As a succession of hurricanes wreak vast damage, the ASLA is highlighting the need to anticipate these phenomena by drawing inspiration from innovative solutions such as those deployed at Hunter Point, a former industrial site on New York’s waterfront. The measures taken proved effective against hurricane Sandy, even before the site was officially inaugurated. The ASLA is also set to publish a set of recommendations in early 2018.
Thought must nonetheless be given to how to define this territory, which cannot be restricted just to the nearby towns. The corridor concept is increasingly important. Meanwhile, the energy transition raises the issue of identifying new flows, storing new energies, land availability and the role of the port itself, which could shift from being a developer to a producer. Continue reading
More and more, port management requires multiple competences stimulated by other fields and not strictly limited to port affairs. New job descriptions continue to appear, some of which are still unknown. And yet port managers have always been recruited from within the shipping and maritime world. Today it would appear that, for the new generation of Managers, it will be necessary to bring in people from “outside” who are capable of providing new inspiration, especially in the fields of new technologies, energy and the capacity to form associations.
Despite the site’s derelict appearance, the sand silos are still in use. They are to be preserved and decorated with murals. Unlike the Puerto Madero site, the idea is to combine new urban functions with the existing port activities, light industry, and services for the port. The Paseo de Bajo project is part of this same approach, aimed at promoting greater fluidity in port and urban traffic and creating new public spaces.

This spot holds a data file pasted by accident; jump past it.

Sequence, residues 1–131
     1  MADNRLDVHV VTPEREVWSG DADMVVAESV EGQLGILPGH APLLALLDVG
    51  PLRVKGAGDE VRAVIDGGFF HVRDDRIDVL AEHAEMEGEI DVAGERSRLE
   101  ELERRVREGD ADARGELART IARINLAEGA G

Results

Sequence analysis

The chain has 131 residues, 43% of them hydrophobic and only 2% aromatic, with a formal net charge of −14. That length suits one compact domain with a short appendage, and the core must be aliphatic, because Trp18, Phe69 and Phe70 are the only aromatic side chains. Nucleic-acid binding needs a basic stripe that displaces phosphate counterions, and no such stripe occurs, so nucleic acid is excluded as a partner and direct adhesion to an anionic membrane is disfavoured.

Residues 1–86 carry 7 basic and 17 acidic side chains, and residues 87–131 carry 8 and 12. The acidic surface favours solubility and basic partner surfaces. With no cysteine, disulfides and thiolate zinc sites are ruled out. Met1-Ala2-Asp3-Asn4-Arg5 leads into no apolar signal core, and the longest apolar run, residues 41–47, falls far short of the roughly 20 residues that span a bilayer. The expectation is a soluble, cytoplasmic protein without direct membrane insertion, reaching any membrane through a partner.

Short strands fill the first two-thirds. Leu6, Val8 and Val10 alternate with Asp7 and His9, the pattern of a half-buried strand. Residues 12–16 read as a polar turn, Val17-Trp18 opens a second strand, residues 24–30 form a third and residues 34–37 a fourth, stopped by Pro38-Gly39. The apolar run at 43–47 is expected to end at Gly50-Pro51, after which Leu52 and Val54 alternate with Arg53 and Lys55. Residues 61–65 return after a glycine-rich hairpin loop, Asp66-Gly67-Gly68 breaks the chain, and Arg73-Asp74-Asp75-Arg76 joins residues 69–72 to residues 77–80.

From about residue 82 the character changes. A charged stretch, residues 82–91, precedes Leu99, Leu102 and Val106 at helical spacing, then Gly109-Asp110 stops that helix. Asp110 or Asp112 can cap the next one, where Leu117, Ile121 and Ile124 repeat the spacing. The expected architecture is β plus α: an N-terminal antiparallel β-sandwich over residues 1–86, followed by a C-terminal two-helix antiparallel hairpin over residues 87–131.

For states, physical connections by sea, passing through ports, remain an expression of economic and political power. But today the future of these ports depends more and more on their ability to interact with the territory from which they draw their decisive competitive advantages. The city-port prism is at the centre of the challenges involved in moving towards socio-territorial hyper-metropolitanisation. AIVP is deeply committed to these challenges. Continue reading
This is a project to convert an old naval base on 11 ha into a logistics zone. It has been built in close collaboration with citizen associations, and social issues have been at the heart of negotiations: employment priority for local people, accepting people in reinsertion programmes, etc. The logistics zone will mainly handle flows of E-commerce, a strongly growing sector. Continue reading
Various redevelopment works have recently been completed within the port’s water-recreation district. The port has also attracted private investors to refurbish several warehouses and convert them into cultural-creative spaces. It is financing the restoration and lighting of an emblematic bridge linking the city to the port; work on the Hualien Scenic Bridge should be completed in December 2017.
The digital revolution offers ports multiple solutions that can help them evolve into smart ports. However, becoming smart is not just about implementing technological innovations. It also involves adopting a collaborative, creative and bold approach to managing port activity. Continue reading
Stakeholders in the territory of Marseilles have turned out in large numbers to sign the AIVP Missions Charter of a Port Center. Marseilles, France’s largest port city, joins the thirteen international port cities that are already signatories. The charter, which was ratified on Thursday 14 September at the Smartcity Forum, centres on the object of opening the port to the city’s population, involving the Port of Marseilles Fos, the Chamber of Commerce and Industry of Marseilles, Provence, the Bouches du Rhône Department and the Metropolis of Marseilles, and cities of Marseilles, Port-Saint-Louis-du-Rhône, Fos-sur-Mer and Port-de-Bouc.
In Cork, a stadium or office complex on Albert Quay are the most recent developments, but the main project is the Port in Ringaskiddy. The plans include a container terminal, logistics activities, offices, and a hotel, as well as some 4,000 housing units, retail outlets and offices on the Tivoli Docklands site. In Galway, the proposed office development at Bonham Quay could revitalise the whole city and attract international companies.